CLEARWATER, Fla. (WFLA)- The Army sent a Pinellas County veteran along with thousands of military personnel to Panama to protect the Panama Canal.
There they encountered defoliation, contamination and now they deal with debilitation from diseases similar to the illnesses suffered by Vietnam Veterans.
Frank Cayer of Clearwater arrived in Panama in 1976, as a member of the military police.
“I just feel like I’ve been sprayed and betrayed along with other soldiers,” Cayer said.
His photos show whatever the military sprayed on the surrounding jungle, turned it brown and dead, and remembers it landing on him.
“One day I was I was wondering why it was raining outside, there was no clouds, so I went outside and there was a heli on top of me with a silver cylinder and the pilot couldn’t see me cause I was directly under it,” Cayer explained. “And all the liquid just came down the side of my face, and I didn’t know what it was, I just continued on, and did what I had to do.”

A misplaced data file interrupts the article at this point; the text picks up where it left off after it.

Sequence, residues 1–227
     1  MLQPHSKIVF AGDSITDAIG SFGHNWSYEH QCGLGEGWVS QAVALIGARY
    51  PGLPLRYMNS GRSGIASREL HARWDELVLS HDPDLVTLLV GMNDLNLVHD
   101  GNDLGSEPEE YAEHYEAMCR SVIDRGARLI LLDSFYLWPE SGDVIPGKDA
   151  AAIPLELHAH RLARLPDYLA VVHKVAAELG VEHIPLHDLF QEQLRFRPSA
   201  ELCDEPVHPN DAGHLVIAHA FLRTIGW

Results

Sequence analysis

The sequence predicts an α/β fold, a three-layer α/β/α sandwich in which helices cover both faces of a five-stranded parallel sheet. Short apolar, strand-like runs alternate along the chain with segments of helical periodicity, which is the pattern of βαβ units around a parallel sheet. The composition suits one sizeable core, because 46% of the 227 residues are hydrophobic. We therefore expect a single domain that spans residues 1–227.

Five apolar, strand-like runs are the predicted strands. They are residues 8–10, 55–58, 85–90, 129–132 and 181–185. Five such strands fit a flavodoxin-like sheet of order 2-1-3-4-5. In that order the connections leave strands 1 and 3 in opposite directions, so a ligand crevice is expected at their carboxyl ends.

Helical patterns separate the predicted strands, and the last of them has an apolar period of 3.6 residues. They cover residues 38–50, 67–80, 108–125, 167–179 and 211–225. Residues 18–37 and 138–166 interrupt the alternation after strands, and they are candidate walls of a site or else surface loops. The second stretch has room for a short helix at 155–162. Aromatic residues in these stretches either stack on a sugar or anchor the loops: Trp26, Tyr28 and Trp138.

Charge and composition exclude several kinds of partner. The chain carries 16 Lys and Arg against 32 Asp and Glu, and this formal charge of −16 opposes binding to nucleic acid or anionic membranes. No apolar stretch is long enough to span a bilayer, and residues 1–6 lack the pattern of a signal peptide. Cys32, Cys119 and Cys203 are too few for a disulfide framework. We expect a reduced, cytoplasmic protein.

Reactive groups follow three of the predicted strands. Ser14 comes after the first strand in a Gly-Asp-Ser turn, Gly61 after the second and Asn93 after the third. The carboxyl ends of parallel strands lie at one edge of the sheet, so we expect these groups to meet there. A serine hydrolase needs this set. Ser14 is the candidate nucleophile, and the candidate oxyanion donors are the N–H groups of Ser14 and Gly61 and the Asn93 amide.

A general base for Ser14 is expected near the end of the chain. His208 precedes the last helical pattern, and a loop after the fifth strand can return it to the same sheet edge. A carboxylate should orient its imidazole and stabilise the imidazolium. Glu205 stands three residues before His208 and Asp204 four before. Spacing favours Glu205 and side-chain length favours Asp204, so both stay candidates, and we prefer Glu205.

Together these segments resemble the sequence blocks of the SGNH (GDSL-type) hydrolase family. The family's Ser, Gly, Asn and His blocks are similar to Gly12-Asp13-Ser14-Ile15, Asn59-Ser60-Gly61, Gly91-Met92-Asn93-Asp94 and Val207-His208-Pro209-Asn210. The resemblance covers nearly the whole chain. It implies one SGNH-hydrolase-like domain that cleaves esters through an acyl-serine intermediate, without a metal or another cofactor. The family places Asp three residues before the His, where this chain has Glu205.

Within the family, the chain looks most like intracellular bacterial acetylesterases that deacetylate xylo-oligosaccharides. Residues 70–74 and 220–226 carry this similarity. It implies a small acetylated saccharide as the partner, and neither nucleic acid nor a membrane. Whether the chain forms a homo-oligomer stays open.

Soft tissue sarcoma, a disease linked to herbicide exposure, developed on Cayer’s face. A team of surgeons removed a malignant tumor the size of an orange.
“I can’t have any teeth, I had radiation treatments for over 20 days, and as you can see part of my mouth has been taken from me. This side of the mouth is all paralyzed,” Cayer stated.
Like others who served in Panama and are sick, Cayer turned to the VA.
“I’ve tried to file a claim since I found I had cancer, every time they take out the books and say, well Panama is not covered,” Cayer said.
U.S. Commerce Department shipping records reveal show that between 1958 and 1977 tons of toxic herbicides were sent to Panama.